“Fake News” and “Russian Hacking” didn’t tilt the election. 16 years of endless wars did.

  8. Lynne
    Posted June 2, 2017 at 8:15 pm | Permalink

    Re: “These are the same people that have said, Iraq has WMD. “

    Are they?

    Re “But to decide that Russia “hacked” the election and that is why HRC lost is a form of escapism bordering on birthism.”

    It depends on what you mean by “hacked”. There is no evidence that the broke into election machines or interfered with the vote counting. However, it seems very clear that Russia influenced the election in various ways that mostly are not what I would consider hacking. They planted fake news on both the left and the right that many idiots on both the left and the right believed. They hired people to use comment sections and twitter to influence people. They probably were behind the hacking of the DNC emails. The closest thing to birtherism I have seen in this election is the insistence, based on those emails, that the Democratic primary was rigged, fwiw. Other than “pizzagate” that is.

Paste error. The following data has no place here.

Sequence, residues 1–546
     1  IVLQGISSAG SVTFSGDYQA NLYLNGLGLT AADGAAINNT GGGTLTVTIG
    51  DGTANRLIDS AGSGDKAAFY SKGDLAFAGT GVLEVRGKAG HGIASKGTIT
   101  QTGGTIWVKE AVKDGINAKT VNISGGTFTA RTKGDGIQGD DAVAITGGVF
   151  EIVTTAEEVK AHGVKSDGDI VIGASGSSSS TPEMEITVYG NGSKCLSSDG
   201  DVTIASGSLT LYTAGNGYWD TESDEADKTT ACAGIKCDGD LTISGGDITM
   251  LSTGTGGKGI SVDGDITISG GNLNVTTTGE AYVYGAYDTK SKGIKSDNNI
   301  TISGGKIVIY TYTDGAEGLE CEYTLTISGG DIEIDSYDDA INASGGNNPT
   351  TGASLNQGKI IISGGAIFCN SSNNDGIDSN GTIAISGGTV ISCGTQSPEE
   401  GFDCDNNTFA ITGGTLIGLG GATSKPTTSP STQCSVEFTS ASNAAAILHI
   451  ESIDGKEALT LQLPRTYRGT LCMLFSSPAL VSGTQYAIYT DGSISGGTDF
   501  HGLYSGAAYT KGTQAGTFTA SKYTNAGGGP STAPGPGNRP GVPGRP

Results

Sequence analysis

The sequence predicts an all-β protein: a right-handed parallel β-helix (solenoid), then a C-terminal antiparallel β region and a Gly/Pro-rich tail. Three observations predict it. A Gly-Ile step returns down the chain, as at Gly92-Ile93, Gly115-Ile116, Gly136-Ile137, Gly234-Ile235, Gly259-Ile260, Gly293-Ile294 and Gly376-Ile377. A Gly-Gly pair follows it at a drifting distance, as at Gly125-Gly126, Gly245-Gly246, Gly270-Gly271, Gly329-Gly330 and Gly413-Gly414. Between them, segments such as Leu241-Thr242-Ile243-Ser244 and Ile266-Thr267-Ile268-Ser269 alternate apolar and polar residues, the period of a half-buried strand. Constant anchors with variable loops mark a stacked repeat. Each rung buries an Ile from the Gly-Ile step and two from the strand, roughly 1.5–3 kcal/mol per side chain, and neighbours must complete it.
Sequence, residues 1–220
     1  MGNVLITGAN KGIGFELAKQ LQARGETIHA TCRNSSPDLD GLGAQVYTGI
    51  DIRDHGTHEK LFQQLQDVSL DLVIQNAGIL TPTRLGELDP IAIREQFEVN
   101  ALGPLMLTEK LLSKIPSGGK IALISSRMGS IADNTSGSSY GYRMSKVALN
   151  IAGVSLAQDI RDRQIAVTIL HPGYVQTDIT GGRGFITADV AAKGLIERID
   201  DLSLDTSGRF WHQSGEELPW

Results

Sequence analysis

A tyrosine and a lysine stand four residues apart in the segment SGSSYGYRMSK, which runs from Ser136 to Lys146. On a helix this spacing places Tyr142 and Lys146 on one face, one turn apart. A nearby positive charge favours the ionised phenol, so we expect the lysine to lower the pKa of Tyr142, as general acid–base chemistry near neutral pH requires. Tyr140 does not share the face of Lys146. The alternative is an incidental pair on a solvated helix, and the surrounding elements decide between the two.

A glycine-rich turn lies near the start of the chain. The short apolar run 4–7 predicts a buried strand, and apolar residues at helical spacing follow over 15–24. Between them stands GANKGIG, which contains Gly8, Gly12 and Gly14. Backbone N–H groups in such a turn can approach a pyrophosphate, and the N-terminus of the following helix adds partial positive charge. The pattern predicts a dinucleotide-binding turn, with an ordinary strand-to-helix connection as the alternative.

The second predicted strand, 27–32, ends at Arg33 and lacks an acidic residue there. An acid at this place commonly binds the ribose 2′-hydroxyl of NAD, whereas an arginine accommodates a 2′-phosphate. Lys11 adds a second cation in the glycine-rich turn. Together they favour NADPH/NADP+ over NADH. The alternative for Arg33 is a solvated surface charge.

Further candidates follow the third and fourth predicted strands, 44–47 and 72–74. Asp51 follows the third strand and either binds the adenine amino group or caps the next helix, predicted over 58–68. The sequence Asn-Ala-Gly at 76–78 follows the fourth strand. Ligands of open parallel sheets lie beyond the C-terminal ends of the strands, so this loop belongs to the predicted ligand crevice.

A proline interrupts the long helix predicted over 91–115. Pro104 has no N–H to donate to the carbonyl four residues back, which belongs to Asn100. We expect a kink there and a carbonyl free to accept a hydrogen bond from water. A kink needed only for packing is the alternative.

As for why HRC lost, the truth is that it was a lot of things but with an election that close, one can validly say that any one of those things cost her the election. Was it the emails? Yes. Was it Russian influence and propaganda? Yes. Was it the far left being ding dongs who didnt learn anything from the 2000 election? Yes. Was it Comey’s testimony about the emails? Yes. Was it racism? Yes. Was it sexism? Yes.

    Re: “We had a Democratic President with a Democratic majority in Congress and instead of single payer health insurance we get a mandate that you must buy insurance from private companies.”

    We had a Democratic majority in congress for TWO short years before the left failed to turn out for the 2010 midterms. I blame those who didn’t vote then for a lack of a public option in the ACA. The Dems passed the best healthcare bill that they could have with the make up of congress that they had. They could have tweeked it later had the people voted to give them more of a mandate. They didnt. I cant blame Obama for that.